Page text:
What is Microphone Proximity Effect?
Microphone proximity effect occurs when lower frequencies are boosted as a mic is moved closer to its sound source. In our microphone reviews, we test and record the proximity effect of each microphone so that you can hear the results with your own ears.
Like most elements of recorded sound, sometimes we like it, sometimes we don’t. Let’s further explore what we’re dealing with.
What Causes the Proximity Effect?
As we discussed in Types of Microphones & How They Work, a microphone does its job by measuring alterations in air pressure and translating them into an electrical signal.
The microphones most frequently used to record music and speech can be categorized into three main types of microphones: Dynamic, Condenser, and Ribbon. Each of these types uses some kind of diaphragm to measure alterations in air pressure.
In short, the proximity effect is a result of the disparities in phase and amplitude as the sound waves move a microphone’s diaphragm.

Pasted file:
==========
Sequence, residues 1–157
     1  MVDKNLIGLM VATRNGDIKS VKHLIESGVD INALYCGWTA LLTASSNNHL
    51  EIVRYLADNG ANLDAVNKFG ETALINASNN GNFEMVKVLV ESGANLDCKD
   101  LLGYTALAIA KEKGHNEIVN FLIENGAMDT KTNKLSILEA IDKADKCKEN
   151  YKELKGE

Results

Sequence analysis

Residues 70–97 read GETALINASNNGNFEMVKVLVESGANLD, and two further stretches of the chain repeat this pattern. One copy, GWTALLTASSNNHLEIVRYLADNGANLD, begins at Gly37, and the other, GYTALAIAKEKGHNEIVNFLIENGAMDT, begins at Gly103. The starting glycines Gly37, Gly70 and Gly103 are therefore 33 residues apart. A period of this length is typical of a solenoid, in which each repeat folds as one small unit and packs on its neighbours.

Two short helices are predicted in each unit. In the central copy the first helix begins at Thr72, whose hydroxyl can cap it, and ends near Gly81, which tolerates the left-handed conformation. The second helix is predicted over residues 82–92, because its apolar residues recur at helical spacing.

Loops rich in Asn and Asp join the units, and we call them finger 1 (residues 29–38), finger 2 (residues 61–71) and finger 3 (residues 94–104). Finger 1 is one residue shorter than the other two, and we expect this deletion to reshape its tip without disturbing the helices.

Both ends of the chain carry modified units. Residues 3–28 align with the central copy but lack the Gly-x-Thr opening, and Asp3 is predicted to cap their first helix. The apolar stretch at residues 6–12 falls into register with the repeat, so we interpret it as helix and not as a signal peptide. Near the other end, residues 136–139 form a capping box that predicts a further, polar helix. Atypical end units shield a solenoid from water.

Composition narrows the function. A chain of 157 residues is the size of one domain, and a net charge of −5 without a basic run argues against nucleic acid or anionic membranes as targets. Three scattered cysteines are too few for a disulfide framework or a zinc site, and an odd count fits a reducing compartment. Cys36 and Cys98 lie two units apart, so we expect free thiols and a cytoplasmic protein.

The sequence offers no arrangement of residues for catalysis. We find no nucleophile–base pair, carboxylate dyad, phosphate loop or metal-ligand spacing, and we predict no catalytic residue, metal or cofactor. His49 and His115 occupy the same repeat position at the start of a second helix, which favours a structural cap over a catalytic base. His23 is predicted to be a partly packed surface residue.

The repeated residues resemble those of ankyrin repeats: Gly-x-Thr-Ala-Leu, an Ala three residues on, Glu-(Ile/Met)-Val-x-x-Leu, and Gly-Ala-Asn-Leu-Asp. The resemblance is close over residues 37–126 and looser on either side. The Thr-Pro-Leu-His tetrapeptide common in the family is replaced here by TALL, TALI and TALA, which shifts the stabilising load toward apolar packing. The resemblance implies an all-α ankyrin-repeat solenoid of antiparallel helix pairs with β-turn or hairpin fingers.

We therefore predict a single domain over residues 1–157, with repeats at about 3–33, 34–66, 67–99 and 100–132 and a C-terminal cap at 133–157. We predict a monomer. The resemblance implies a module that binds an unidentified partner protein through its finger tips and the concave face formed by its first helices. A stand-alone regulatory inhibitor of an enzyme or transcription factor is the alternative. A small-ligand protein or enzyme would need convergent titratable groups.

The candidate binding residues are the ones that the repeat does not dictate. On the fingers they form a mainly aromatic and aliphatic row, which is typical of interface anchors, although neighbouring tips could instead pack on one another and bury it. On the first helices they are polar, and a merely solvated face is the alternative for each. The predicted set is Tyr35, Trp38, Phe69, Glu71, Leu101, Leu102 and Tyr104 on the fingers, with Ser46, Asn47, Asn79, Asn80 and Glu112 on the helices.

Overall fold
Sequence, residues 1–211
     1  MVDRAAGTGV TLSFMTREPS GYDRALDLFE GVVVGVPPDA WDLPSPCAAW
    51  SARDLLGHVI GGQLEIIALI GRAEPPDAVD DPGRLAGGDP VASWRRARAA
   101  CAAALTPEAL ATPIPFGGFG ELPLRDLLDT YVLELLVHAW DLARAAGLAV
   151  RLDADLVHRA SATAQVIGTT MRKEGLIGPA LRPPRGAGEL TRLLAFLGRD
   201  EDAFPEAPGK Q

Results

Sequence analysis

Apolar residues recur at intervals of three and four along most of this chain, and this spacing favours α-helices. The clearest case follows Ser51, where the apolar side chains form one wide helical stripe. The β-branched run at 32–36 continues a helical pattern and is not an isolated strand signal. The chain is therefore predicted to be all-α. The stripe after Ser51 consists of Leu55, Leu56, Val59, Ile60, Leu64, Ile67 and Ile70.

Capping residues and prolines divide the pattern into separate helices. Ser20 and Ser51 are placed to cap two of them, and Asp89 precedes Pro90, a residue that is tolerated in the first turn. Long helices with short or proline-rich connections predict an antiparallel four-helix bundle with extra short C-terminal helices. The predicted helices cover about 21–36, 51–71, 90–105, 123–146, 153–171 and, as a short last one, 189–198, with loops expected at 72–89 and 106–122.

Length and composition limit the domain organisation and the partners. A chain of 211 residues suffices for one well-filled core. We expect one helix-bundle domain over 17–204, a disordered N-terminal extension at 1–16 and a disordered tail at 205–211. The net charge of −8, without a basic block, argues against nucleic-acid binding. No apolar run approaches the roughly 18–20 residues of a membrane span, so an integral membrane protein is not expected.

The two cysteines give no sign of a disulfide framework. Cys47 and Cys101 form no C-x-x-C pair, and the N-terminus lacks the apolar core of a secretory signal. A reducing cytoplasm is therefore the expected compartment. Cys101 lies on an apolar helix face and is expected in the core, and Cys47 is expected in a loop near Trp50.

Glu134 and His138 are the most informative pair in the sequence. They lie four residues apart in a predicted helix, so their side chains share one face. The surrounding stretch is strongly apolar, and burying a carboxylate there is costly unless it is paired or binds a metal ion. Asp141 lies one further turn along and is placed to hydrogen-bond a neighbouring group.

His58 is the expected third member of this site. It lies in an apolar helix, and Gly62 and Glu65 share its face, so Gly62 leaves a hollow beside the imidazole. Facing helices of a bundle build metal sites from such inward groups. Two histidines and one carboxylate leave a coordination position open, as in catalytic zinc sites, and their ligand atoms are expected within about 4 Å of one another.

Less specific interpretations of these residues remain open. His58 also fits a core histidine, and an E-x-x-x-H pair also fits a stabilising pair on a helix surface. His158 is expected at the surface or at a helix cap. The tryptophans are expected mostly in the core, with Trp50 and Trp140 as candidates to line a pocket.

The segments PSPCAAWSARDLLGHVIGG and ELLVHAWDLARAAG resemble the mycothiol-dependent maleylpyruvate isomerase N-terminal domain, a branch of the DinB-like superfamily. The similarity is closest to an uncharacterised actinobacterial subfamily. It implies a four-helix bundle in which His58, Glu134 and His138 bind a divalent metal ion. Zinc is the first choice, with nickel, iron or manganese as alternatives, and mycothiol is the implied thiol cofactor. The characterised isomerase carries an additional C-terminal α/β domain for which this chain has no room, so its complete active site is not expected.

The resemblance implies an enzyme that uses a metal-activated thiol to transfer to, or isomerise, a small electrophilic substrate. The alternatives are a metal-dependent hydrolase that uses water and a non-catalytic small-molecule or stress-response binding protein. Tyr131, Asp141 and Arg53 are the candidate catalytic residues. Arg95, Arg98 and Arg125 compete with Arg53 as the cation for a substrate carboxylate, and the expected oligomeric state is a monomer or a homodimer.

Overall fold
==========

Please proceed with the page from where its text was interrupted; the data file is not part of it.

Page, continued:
To understand the causes of the proximity effect in greater detail, we need to go under the hood a bit and discuss pressure and pressure-gradient mics. Then we can get into the two factors at play in proximity effect: namely, phase difference and amplitude.
Pressure Mics and Pressure-gradient Mics
There are two methods used by microphones to translate air pressure changes into electrical signals.
The first method, used by pressure microphones, measures air pressure by recording the movement of the diaphragm relative to its resting position. The second method, used by pressure-gradient microphones, measures the rate of change (or velocity) of the diaphragm’s movement in reaction to changes in air pressure.
For our purposes here, it’s important to remember that the diaphragm has two sides – a front and a back.
In a pressure microphone, only the front of the diaphragm is open to the air. The back is shielded from external sound pressure. Pressure mics are therefore, omnidirectional from birth.
In a pressure-gradient microphone, both the front and back are exposed. The diaphragm moves with the changes in pressure between its front and back.
So, the first factor at play in microphone proximity effect is phase difference.
Naturally, it takes longer for the sound wave to reach the back of the diaphragm than the front. This delay creates what is called a phase difference, which produces an output in response to the pressure differences of the diaphragm.